A good example of this is the raid on Mar-a-Lago. So what happened on August 8, as your listeners know, is the FBI raided Mar-a-Lago at 7 p.m. on August eight. Trump was the one who announced to the world that that raid occurred. He did this on Truth Social unopposed, but in a very aggressive posting here, claiming he’s the victim, the FBI is overreaching. This immediately led to a change we can pick up and track precisely on social media of the number of posts and tweets with the phrase civil war. Before Trump’s posting at 7 p.m. August 8th, the average number of tweets on Twitter with the phrase Civil War was 500 an hour going back weeks. Afterwards, it immediately shot up not just a few percent, but 3,000% to 15,000 per hour and stayed high for a long time. This is what’s underneath generating all those threats to the FBI. But it’s also not simply a social media phenomenon, because what you saw here was you saw that there had to be already millions of individuals already primed to support violence for Trump to have that kind of instantaneous reaction. And that is what we see, the cocktail we see coming from the right, which is we don’t just have the violent, combustible material, but we have individuals here who are lightning strikes and they’re doubling down. 

MICHAEL MORELL:  I want to finish up here with some big picture questions. You’ve painted a picture of a highly combustible situation right on the right all by itself. And then you mix in the left and, it gets pretty scary here. So I want to ask you, how fragile is our democracy? How does it compare to other times in American history when our democracy has been shaken a bit? How do you think about that question?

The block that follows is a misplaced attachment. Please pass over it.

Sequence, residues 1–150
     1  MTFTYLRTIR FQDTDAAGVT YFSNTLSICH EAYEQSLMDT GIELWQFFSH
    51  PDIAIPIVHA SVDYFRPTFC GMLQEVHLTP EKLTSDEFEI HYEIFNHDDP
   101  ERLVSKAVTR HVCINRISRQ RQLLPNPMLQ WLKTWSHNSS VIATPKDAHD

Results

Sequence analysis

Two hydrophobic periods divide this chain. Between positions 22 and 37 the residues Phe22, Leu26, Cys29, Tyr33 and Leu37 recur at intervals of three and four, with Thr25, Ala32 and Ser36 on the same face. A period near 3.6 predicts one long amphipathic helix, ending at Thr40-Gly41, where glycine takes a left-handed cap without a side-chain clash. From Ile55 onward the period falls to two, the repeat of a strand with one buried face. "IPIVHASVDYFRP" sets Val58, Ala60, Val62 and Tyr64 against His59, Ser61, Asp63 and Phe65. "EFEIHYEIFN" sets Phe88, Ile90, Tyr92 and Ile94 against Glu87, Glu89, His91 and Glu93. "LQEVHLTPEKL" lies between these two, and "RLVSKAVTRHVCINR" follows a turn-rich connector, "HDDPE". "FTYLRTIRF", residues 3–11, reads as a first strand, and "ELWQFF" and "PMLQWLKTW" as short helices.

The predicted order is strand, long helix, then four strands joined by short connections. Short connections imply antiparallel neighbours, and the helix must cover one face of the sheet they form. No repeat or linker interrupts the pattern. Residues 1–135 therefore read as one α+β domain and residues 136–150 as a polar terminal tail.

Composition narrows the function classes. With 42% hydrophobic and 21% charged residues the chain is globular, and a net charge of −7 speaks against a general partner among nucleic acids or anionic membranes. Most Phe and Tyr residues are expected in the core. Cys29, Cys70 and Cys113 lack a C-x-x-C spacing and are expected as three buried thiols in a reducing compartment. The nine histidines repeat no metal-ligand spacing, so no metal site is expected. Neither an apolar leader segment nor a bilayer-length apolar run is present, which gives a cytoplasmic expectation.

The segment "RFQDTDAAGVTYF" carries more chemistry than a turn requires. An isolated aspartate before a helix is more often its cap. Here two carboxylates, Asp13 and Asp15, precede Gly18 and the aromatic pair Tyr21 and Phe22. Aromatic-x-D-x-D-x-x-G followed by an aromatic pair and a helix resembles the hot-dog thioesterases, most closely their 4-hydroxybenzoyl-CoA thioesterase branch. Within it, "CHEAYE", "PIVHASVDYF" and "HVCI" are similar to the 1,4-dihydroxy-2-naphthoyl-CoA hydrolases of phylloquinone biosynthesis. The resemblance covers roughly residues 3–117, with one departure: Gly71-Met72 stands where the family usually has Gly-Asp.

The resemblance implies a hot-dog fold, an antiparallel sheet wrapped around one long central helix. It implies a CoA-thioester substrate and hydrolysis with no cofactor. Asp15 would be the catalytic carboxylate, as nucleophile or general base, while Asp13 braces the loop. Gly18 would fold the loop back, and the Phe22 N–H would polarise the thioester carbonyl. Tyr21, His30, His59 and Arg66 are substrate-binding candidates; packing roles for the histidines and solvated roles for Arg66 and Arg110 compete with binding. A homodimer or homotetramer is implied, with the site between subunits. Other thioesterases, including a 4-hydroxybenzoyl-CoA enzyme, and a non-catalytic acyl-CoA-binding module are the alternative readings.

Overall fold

BOB PAPE: I think our democracy is at a precarious moment, Michael. I think our democracy is the most fragile it has been. And I think that may sound like an overstatement, but the last time we saw large numbers of middle class whites involved with supporting political violence in the United States was in the 1920s. And what we saw in the 1920s was that our two party system effectively was a shock absorber and a buffer to that. So the early part of the 1920s, we had the rise of the second KKK with millions of middle class Americans, including business owners, joining this movement. By the end of the 1920s, this had basically dissipated and the shock absorber was the two party system, which sort of basically diluted those sentiments. 

In the 1960s, we saw a lot of violent protests on the left. But again, we saw shock absorbers in our two party system that essentially diluted that over time. So there were scary moments, but they didn’t last very long. The big difference with today is that the two party system is not acting as a shock absorber. It’s itself acting as an ingredient to foment or encourage violence, because what you’re seeing on the one side of the party, the Republican Party, are efforts to increase in the leadership of the party, individuals who support those violent sentiments. And this is happening not just with Donald Trump himself, the leader of this movement, but it’s also happening with those who he is supporting. And he is deliberately supporting individuals who are willing to basically overturn a democratic result and look the other way when others are using violence to overturn that democratic result. 

This is very different, Michael, than we’re used to before, because, again, we’re used to thinking of the two party system as the shock absorber of our political extremism. Now, the problem is you have not just political support for violence in the mainstream, but you have political support for violence at the top edge of the leadership of one of those two parties. And that leadership supporting the violent sentiments is growing. So as we go forward here, this is a precarious moment.

MICHAEL MORELL: What does a worst case scenario look like? I know you’ve made some analogies to both Northern Ireland in the late 1960s and to the Balkans in the 1980s. How bad could this get?